It’s like we should have called it what my son told me to call it: He wanted to call it “Rock Band”. That’s sort of what it’s about to me. It’s like I’m pretending to be in a rock band. A lot of what I love about it, why I chose the songs I chose, is because of the music–the guitar moments and the energy in the drums and whatever coming together at different points.
The stuff that didn’t make the album tends to be slower, more depressing, and not necessarily conflicted, to be honest. Some of the stuff that’s on here is the conflicted material. And a lot of the stuff that didn’t make it is the kind of songs you write that are kind of slow and kind of sad.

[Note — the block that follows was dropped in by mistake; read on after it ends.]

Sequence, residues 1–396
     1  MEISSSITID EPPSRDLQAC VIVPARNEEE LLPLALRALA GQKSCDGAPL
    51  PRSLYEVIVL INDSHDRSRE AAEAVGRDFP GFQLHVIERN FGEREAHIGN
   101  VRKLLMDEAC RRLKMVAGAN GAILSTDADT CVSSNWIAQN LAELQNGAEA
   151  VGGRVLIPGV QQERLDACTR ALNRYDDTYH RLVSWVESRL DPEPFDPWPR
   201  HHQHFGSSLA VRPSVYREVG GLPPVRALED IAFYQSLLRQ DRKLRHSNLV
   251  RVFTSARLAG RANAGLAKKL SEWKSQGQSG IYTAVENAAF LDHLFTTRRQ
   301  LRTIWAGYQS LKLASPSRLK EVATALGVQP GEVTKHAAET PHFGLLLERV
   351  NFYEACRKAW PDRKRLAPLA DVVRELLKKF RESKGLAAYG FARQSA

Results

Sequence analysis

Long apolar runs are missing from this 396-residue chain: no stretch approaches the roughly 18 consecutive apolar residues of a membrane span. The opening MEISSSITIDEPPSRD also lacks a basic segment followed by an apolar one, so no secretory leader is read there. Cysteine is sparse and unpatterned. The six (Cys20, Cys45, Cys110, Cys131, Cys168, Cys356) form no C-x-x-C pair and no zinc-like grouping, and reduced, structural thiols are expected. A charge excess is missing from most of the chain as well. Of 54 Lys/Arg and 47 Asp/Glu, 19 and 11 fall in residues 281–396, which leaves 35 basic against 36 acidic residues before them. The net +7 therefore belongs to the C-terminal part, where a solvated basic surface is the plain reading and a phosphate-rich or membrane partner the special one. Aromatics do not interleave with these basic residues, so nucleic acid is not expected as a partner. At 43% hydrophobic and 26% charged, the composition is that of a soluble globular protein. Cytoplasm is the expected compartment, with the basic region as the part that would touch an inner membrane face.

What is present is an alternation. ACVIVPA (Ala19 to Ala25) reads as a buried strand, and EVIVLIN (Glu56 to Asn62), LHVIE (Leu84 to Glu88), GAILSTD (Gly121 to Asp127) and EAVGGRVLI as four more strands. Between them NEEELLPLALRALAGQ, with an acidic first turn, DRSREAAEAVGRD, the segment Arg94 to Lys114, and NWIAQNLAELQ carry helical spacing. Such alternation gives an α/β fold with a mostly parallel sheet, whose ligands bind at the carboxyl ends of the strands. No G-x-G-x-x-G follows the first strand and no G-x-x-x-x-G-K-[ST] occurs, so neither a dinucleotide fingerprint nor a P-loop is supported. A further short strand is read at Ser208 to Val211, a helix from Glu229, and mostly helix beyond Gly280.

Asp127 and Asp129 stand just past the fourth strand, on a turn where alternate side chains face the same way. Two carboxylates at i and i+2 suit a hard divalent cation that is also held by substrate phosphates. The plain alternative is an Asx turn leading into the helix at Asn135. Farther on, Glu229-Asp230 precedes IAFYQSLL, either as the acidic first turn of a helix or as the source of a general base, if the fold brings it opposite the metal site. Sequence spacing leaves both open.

Q. So do you think you’re going to have a multiplatinum pop hit?
A. Who knows? [Laughs] But the only thing that’s OK about it, Jim, is like, I don’t know if it’s gonna sell records. We’re gonna try. But I put the songs on the record that I wanted because I just wanted them there, because this one, I just felt like making a really rocking record. I wanted that kind of strong persona, and if it doesn’t work, it doesn’t work, but I’ll never look at the album I made this time especially and go, “God, I shouldn’t have tried to do that.”
I’ll have no regrets, and that’s one of the things that I always want to make sure. Sometimes when you listen to other people and you do what they think you should do, you end up learning from their mistakes, and it’s not the same as learning from your own mistakes.